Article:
way YouTube or Netflix work, but on a vast scale: a big hall with a big screen where townspeople could go and dial up movies and, if need be, an assortment of news channels.

It’s good to watch with friends. I’d like to see the community offer a new Noah’s-Ark (even if, of necessity, land-locked) adapted from, say, Le Corbusier’s reinforced concrete Floating Asylum for the Salvation Army (1929), but this time designed for needy animals, not for the temporary relief of Paris’s “clochards.”

I have always harboured a fondness for the eccentric and sometimes desperate manner in which visionary desire is sometimes able to express itself—with an intensity that novelist Robert Musil once called being “ungrounded at both ends.” Here is King Surrealist, Andre Breton, in his book, Mad Love from 1937: “The house where I live, my life, what I write: I dream that all that might appear from far off like these cubes of rock salt look close up.” Design, says Ettore Sotsass in his Design Metaphors (Rizzoli, 1987) “can be a state of mind, an unusual perception, a ritual whisper.” Architecture too.

I’d like to see---and experience—a Sugar Mountain No-Reception Room: a large hall lined, like Wilhelm Reich’s psychotherapeutically problematic “orgone accumulator” (orgasm enhancer), with alternating layers of copper-sheeting and plywood that would, in Reich’s case, keep one’s bodily energies bottled up, and in the case of Sugar Mountain, create a space in which digital devices could no longer function. This structure would serve as and be regarded as a chapel. I could go on. I wish I could go on. I’m feeling more Sottsassian by the minute.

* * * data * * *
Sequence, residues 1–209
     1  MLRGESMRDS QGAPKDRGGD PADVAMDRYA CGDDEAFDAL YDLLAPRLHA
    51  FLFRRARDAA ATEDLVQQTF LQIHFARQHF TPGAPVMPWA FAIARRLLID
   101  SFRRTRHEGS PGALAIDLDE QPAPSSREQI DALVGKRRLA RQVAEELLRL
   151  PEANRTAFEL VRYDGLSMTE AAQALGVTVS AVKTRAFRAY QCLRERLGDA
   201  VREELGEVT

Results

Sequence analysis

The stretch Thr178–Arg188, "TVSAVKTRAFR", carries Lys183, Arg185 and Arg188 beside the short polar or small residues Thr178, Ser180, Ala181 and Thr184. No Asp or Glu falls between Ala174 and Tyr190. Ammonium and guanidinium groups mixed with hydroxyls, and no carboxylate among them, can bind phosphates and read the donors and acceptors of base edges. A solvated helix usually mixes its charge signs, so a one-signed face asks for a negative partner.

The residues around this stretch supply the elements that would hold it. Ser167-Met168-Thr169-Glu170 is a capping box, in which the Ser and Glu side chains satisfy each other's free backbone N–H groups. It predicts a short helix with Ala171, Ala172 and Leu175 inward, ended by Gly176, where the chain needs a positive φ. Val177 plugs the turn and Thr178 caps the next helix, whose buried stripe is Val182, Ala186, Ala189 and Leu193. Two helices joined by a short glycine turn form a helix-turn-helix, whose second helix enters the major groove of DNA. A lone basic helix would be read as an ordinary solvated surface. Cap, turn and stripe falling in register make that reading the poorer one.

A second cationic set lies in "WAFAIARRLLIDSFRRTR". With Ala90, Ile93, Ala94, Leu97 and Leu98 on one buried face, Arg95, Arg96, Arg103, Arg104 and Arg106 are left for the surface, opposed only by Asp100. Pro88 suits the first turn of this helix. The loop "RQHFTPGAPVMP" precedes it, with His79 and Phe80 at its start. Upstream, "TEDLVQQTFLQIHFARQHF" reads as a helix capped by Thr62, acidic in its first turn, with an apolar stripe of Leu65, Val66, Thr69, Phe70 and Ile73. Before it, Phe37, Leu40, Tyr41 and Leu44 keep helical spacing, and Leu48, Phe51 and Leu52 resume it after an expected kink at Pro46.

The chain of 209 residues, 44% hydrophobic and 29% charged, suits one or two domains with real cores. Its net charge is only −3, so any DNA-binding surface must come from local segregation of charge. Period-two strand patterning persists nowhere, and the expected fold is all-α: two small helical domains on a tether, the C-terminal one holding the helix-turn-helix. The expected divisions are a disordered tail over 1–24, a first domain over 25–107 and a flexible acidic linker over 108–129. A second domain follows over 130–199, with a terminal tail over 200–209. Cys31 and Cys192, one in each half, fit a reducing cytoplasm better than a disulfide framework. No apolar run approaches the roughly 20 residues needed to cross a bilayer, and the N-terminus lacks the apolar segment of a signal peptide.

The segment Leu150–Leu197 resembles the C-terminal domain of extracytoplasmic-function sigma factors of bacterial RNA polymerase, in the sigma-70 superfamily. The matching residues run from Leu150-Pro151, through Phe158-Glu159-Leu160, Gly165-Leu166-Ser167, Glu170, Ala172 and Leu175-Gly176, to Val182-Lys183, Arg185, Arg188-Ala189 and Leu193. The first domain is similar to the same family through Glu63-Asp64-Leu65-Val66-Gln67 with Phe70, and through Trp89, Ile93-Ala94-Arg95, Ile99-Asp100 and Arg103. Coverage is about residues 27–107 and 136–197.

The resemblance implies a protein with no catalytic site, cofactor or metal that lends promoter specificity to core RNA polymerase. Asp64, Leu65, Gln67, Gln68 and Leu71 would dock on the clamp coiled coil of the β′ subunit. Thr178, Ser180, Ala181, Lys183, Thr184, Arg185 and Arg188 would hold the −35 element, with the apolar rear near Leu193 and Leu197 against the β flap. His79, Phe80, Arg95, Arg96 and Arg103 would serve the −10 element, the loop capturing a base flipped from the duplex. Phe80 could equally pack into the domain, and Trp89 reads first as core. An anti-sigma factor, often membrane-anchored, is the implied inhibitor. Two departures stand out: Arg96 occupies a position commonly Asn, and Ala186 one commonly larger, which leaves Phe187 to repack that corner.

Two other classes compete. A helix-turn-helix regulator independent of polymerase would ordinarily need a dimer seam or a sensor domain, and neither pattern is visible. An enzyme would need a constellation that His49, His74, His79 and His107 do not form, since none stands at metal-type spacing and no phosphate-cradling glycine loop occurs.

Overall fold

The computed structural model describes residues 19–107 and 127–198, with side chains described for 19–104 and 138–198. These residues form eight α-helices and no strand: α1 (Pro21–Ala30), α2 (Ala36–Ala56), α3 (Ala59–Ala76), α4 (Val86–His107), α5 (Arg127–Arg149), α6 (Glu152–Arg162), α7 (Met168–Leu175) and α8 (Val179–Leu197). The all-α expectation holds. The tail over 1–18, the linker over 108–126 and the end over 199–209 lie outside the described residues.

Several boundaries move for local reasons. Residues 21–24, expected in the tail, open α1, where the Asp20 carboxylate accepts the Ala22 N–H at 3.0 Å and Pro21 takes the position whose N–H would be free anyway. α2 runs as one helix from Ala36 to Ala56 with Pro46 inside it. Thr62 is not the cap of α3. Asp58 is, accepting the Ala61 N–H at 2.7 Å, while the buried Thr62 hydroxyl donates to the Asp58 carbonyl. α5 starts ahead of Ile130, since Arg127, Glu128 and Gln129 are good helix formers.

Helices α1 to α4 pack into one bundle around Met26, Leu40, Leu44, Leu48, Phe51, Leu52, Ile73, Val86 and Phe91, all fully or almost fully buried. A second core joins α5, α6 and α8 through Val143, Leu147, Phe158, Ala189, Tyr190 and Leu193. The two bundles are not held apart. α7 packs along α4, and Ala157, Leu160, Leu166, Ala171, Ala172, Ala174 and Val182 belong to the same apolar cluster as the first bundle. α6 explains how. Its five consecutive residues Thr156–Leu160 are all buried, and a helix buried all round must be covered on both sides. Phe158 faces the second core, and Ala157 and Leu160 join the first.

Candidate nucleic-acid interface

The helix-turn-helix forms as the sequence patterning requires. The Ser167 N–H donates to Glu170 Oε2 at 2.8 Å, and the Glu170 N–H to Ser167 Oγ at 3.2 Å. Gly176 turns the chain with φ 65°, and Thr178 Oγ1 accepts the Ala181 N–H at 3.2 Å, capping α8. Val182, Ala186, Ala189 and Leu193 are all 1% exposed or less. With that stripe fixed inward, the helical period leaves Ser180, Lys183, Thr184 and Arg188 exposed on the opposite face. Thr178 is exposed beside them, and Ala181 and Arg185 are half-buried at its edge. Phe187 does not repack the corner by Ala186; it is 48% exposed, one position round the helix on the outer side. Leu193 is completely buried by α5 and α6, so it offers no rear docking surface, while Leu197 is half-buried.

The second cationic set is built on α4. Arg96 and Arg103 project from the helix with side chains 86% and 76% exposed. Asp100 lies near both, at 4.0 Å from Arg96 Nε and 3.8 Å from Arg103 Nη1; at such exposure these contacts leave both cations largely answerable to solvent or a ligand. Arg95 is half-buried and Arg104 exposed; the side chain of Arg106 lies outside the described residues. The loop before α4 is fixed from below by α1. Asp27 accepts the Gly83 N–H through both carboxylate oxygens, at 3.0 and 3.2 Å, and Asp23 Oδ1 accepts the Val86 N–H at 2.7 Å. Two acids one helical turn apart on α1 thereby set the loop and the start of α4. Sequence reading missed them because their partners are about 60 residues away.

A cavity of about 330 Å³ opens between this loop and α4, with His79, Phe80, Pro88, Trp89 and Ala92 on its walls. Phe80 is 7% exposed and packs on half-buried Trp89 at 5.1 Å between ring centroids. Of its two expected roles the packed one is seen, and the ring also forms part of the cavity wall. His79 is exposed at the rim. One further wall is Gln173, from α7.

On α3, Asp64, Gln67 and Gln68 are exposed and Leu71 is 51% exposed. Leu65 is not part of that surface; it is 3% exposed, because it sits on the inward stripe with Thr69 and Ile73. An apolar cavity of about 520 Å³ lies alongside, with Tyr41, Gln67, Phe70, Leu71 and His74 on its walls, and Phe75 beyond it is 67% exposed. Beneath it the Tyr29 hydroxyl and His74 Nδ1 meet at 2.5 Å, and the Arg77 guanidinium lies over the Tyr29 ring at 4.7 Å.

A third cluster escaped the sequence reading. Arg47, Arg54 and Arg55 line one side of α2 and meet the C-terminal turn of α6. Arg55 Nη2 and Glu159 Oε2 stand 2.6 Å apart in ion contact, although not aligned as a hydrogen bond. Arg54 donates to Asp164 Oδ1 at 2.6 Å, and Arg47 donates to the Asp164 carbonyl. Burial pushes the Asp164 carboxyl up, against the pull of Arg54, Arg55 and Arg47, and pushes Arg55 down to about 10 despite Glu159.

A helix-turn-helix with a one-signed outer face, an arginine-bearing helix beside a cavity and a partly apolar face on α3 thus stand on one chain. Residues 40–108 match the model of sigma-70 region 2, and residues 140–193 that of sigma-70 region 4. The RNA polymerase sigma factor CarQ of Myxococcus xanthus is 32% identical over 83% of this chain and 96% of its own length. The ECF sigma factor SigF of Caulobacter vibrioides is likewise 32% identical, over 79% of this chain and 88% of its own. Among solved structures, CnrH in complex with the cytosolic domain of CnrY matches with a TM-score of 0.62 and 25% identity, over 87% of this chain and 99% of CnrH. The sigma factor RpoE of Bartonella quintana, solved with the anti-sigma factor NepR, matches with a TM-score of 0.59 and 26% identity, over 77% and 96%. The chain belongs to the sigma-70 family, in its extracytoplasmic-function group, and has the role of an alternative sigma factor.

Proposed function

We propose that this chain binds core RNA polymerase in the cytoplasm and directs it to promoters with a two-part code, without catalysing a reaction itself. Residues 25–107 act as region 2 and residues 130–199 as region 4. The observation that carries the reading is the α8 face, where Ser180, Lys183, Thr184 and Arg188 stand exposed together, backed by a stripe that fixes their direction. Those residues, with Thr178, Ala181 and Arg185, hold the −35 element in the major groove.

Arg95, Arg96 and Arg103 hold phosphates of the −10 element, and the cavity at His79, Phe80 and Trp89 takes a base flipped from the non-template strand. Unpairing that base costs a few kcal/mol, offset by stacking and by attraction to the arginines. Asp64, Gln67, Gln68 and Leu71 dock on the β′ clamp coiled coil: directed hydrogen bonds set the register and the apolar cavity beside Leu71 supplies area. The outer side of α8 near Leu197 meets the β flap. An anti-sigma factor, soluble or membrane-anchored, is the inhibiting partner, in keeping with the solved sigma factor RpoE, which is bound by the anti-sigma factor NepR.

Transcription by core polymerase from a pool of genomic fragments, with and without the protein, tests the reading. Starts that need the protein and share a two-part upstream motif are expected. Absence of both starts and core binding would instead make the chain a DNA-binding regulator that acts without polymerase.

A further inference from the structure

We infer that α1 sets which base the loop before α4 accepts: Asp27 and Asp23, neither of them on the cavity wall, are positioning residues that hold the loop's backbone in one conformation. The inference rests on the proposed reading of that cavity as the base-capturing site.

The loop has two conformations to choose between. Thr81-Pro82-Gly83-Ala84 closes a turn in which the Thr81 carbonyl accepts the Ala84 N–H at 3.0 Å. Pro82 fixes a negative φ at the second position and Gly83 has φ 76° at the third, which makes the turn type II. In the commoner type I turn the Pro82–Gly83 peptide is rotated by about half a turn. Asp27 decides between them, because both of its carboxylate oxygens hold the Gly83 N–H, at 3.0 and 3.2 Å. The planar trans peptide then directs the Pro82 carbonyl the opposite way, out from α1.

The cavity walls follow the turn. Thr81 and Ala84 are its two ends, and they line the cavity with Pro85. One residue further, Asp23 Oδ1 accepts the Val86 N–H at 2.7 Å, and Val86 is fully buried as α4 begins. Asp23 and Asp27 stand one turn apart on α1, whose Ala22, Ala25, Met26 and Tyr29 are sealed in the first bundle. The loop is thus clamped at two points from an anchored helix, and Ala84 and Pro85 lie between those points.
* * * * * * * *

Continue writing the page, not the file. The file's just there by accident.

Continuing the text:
Well, I know, I know. All this does give off a kind of frivolous scent. And indeed, are these foregoing suggestions simply too architecturally “soft,” too design-lite? I don’t think they would be if they were seamlessly and committedly woven into an architecturally sophisticated, metaphysically clarified, “when-the-towns-were-white” sort of New Community

Here are a few soft ideas. My Sugar Mountain, my “ritual whisper”—the Sugar Mountain I’d buy into—would have a big all-season market somewhere at its centre—with piles of pineapples and bundles of dried herbs. Somewhere near the end of one of its horizontal-skyscraper streets, it would offer a small dairy farm—with cows not for eating but for milk and also for the patting of their plush noses, and for giving apples to. This alone would help keep Sugar Mountaineers honest, humble and kind. I’d like to see S.M. offer a community theatre which would work the